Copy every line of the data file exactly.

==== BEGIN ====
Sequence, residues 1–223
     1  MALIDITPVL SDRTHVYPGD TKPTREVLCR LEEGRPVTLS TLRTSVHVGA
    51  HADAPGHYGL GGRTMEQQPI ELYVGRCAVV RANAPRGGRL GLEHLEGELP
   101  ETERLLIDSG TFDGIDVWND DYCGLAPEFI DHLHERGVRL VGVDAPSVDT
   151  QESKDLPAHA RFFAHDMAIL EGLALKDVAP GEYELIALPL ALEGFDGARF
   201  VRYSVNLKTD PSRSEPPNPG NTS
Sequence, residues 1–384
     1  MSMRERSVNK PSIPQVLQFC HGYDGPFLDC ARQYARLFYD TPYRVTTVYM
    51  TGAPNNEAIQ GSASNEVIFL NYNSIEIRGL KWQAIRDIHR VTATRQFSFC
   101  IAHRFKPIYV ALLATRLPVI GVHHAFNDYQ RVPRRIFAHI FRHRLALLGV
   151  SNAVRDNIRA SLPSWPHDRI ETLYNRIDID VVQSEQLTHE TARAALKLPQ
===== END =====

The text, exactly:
Sequence, residues 1–223
     1  MALIDITPVL SDRTHVYPGD TKPTREVLCR LEEGRPVTLS TLRTSVHVGA
    51  HADAPGHYGL GGRTMEQQPI ELYVGRCAVV RANAPRGGRL GLEHLEGELP
   101  ETERLLIDSG TFDGIDVWND DYCGLAPEFI DHLHERGVRL VGVDAPSVDT
   151  QESKDLPAHA RFFAHDMAIL EGLALKDVAP GEYELIALPL ALEGFDGARF
   201  VRYSVNLKTD PSRSEPPNPG NTS
Sequence, residues 1–384
     1  MSMRERSVNK PSIPQVLQFC HGYDGPFLDC ARQYARLFYD TPYRVTTVYM
    51  TGAPNNEAIQ GSASNEVIFL NYNSIEIRGL KWQAIRDIHR VTATRQFSFC
   101  IAHRFKPIYV ALLATRLPVI GVHHAFNDYQ RVPRRIFAHI FRHRLALLGV
   151  SNAVRDNIRA SLPSWPHDRI ETLYNRIDID VVQSEQLTHE TARAALKLPQ